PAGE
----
Two risks threaten commodities. Reuters analyst Clyde Russell argues that there are two trends that could dramatically affect commodities this year, one bullish and one bearish. There is evidence that mining companies might overspend and overpay for assets, injecting too much capital into projects based on overly-optimistic forecasts. That could inflate prices. On the flip side, the brewing U.S.-China trade war could slow economic growth, which could be a significant headwind for commodities.
Gold prices hit 5-week high. Gold prices shot up last week by 3 percent over market uncertainty that led to a flight into safe haven assets. Concerns of a trade war, an actual war (Iran, North Korea) and the declining dollar all worked in the favor of gold. Gold prices rose to a 5-week high. “Gold’s gains feel unexpected, but considering the growing volatility in the equity markets and uncertainty surrounding the Chinese-U.S. tariffs, the implications from a larger trade war are sending safety into precious metals,” said Peter Spina, president and chief executive officer of GoldSeek.com.
China’s control over cobalt grows. Chinese battery maker GEM signed a massive cobalt supply deal with Glencore (LON: GLEN) in mid-March, which would see a third of Glencore’s supply heading to China over the next three years. It is also equivalent to about half of the world’s cobalt production in 2017, and the deal will likely continue to up push prices, which had already been shooting up for the past two years. The deal also raised concerns about the concentration of the cobalt market – reserves are overwhelmingly concentrated in the Democratic Republic of the Congo, and the processing capabilities are largely located in China.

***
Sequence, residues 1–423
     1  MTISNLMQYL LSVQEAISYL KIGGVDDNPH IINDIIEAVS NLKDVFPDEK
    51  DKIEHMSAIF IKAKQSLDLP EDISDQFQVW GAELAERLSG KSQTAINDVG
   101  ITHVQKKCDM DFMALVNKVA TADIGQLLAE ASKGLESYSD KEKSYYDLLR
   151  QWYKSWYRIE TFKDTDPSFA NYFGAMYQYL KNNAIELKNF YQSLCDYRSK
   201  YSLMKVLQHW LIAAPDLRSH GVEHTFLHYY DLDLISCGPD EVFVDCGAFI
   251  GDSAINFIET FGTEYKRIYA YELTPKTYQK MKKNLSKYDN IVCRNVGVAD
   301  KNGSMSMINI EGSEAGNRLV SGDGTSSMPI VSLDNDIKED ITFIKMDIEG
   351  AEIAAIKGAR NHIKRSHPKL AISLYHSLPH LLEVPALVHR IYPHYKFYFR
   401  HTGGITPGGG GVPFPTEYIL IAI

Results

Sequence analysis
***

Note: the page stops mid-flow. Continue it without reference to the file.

China launches oil futures contract. Monday marked the first day of trading for China’s new oil futures contract on the Shanghai International Energy Exchange. The September contract is reportedly the most heavily traded thus far, according to S&P Global Platts. S&P said that there were 413 participants at the start of trading, including state-owned oil companies (Unipec, CNOOC, Sinochem, Northern Petroleum), independents and also foreign traders (Trafigura, Glencore and Freepoint). The yuan-denominated contract could rival Brent and WTI for prominence in the global oil trade. It could also bolster the yuan and give China more pricing influence over oil flows.
Oil trading profits decline for Vitol Group. Vitol Group, the world’s largest independent oil trader, reported a 25 percent decline in annual profits for 2017, the result of a deteriorating in the trading environment. The dip in earnings to $1.5 billion, down from $2 billion a year earlier, came as the oil futures curve moved decidedly into a state of backwardation for much of last year, a situation in which front-month oil futures trade at a higher price than contracts dated further out into the future. Such a pricing structure makes it unprofitable to store oil and sell at a later date, a grim situation for oil traders. “It is pretty bloody tough,” Vitol Chairman Ian Taylor said in a Bloomberg interview last week. “And I don’t think anybody is making a lot of money.”